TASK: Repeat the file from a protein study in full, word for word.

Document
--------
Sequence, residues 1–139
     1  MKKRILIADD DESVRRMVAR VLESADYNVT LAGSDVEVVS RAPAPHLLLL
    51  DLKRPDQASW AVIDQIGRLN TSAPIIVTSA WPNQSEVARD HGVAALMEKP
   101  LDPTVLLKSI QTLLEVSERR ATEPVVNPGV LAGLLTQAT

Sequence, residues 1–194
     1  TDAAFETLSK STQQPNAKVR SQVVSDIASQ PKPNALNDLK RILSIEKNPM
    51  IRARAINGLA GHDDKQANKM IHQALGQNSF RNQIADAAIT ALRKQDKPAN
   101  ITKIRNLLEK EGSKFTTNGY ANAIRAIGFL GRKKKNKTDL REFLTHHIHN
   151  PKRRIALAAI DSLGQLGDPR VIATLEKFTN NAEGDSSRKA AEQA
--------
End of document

Sequence, residues 1–139
     1  MKKRILIADD DESVRRMVAR VLESADYNVT LAGSDVEVVS RAPAPHLLLL
    51  DLKRPDQASW AVIDQIGRLN TSAPIIVTSA WPNQSEVARD HGVAALMEKP
   101  LDPTVLLKSI QTLLEVSERR ATEPVVNPGV LAGLLTQAT

Sequence, residues 1–194
     1  TDAAFETLSK STQQPNAKVR SQVVSDIASQ PKPNALNDLK RILSIEKNPM
    51  IRARAINGLA GHDDKQANKM IHQALGQNSF RNQIADAAIT ALRKQDKPAN
   101  ITKIRNLLEK EGSKFTTNGY ANAIRAIGFL GRKKKNKTDL REFLTHHIHN
   151  PKRRIALAAI DSLGQLGDPR VIATLEKFTN NAEGDSSRKA AEQA